4 out of 4 stars
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Being a single parent, while it has its rewards, also has its challenges. Financial, emotional, and social, the effects of raising a child are wide-reaching and long-lasting. Often, single parents put their dreams on hold to do right by their children. But what if they got a second chance to have it all? Should they go for it? Or would the risk be too much for their family?
Such is the dilemma facing Mavis Mills, protagonist of Christine M. Knight’s Life Song. Mavis is a young, single mother doing her best to raise her son in 1990s Keimera, Australia. Financially struggling and emotionally drained, the only real relief in her life comes from her friends, Gary and Kate, and her parents, Marg and Trevor Mills. They help her with her son, with money, and with keeping her sanity intact, but something big is missing from her life—and it’s not a man.
Then one hot summer’s day, Mavis gets the chance to step in as singer for a band performing at a local festival, and her whole life changes. Following a couple successful gigs, Mavis and her loved ones think that she will finally get a shot at pursuing her singing aspirations. Unfortunately, with great opportunity also comes great risk and sacrifice. As her life and her friends’ lives quickly change, Mavis is left with many questions about her work/life/music balance: is this new route really the best thing for her and her son? Can she, as Kate says, really have it all? Or is it as her parents have told her, that her son, Dan, is the picture and she is the frame? And will her friends be there for her and Dan as they enter this exciting, but bumpy, stage in their lives?
Knight first captured my imagination with her novel In and Out of Step, which features Mavis, Gary, Kate and another one of Mavis’s close—albeit currently absent—friends, Cassie. After learning that Life Song follows another spitfire character from that book, I was eager to jump in and see what will happen in the small town of Keimera next. Knight did not disappoint. This book depicts not only Mavis’s struggles but also those of Gary and Kate as they deal with her situation and their own lives. It’s not just about romantic or maternal love; it’s about familial love, the love between friends, and the love of music. Mavis, her dreams, and her life might take center stage, but by no means do they perform alone.
As with In and Out of Step, the best part of Life Song is the characters. They are complex with real goals, emotions, and challenges. Among many other characters, Knight creates strong, independent women like Mavis and Kate, big-hearted men like Gary, self-absorbed witches like Sarah, and varying degrees of sexist alpha males like Mavis’s new bassist and drummer. These characters often butt heads as tensions run high, and that is when the true drama and character development begin. No one is completely blameless or right in any given situation, but Knight makes it easy for readers to connect with—and route for—one character or another in these disputes.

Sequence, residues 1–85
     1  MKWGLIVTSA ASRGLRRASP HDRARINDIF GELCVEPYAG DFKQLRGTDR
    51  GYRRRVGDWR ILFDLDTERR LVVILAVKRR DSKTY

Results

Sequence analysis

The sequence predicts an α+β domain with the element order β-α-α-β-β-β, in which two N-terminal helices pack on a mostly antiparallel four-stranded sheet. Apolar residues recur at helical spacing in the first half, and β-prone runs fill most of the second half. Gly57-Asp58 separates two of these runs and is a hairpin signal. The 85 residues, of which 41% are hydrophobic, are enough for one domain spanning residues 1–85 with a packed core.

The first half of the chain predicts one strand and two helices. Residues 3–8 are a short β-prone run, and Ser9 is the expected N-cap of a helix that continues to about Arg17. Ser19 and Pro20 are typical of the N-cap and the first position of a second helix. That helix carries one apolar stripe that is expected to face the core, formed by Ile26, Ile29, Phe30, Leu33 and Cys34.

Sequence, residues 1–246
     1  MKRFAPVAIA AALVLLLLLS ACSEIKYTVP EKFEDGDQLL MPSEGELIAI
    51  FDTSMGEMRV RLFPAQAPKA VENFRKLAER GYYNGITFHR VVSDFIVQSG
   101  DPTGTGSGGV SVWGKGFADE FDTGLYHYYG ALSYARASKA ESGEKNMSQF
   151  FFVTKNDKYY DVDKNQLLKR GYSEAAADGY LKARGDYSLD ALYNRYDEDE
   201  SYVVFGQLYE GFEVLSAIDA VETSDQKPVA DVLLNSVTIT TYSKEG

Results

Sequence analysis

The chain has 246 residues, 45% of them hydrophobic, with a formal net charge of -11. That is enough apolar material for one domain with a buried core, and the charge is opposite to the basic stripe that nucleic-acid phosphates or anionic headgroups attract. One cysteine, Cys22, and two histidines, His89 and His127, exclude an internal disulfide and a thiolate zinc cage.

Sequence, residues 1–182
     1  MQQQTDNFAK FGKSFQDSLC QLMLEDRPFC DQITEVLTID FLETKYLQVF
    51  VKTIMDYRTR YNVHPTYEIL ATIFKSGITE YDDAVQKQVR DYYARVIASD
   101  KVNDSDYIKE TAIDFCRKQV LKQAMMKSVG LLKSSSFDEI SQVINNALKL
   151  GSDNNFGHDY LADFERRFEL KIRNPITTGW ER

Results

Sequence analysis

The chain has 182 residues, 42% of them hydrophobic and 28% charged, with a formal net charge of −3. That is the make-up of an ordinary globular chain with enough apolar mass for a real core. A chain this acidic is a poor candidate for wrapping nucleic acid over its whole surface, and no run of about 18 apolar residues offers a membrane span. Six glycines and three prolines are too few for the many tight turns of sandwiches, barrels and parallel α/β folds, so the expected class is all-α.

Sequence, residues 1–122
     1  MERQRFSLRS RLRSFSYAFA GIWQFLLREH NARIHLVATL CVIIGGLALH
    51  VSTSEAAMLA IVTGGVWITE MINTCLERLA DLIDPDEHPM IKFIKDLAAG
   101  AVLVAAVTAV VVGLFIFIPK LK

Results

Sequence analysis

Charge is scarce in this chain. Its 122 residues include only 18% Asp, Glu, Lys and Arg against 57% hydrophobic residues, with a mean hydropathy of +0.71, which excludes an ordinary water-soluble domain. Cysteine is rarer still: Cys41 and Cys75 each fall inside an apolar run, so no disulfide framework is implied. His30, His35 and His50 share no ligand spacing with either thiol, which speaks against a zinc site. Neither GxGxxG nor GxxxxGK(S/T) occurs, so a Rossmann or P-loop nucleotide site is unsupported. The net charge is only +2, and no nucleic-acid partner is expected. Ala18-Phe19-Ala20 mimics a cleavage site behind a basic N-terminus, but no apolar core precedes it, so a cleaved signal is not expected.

This book might be called a sequel to In and Out of Step and it does pick up many of the first novel’s themes and characters. It also pursues many of the same social issues, such as feminism, the male/female dynamic, and domestic abuse. However, Life Song is self-contained, catching readers up on what they might have missed in In and Out of Step, and the story wraps up nicely while leaving enough open to set up the next book in the series. Still, the attempt to remain self-contained is also part of the novel’s only real downside, at least for me. From the first book, I expected Knight’s reliance on exposition, and that expectation proved to be true in this book as well. Nevertheless, the excessive exposition trips me up at points. I felt as though too much background information was given through exposition as well as some of the initial character development. The exposition creates a storyteller feel which, considering that the setting is a small town, enhances the homey feel of the narrative. In that way, the exposition is a plus. I prefer less exposition in my reading but, in the end, it does not detract too much from this engaging novel.
I noticed a few minor grammatical errors, but they are so small and infrequent that I probably would have missed them if I hadn’t been looking for them. Knight also uses a lot of Australian jargon. For me, that helped immerse me in the story and added to the homey, storytelling feel, but other non-Australian readers might not understand the terms. Fortunately, most of them are easy to figure out based on the context.
Excessive exposition and very minor grammatical issues aside, I have to give Life Song by Christine M. Knight 4 out of 4 stars. It’s not just another single-parent story or pursuing-your-dreams tale; it’s engaging, original, and raw. Not everything is peachy, but enough good times are mixed in with the challenges that the drama is surprisingly bearable. Women—strong women in particular—teenaged or older will love this book, and anyone who’s hesitating to pursue their dreams should pick it up as well. It’s very long at 334 pages, but Knight’s clean, well-paced writing makes you forget the page count. I have become very invested in this small Australian community, and luckily for me, this isn’t the end of the story; I plan to pick up the next book, Song Bird, as soon as possible.
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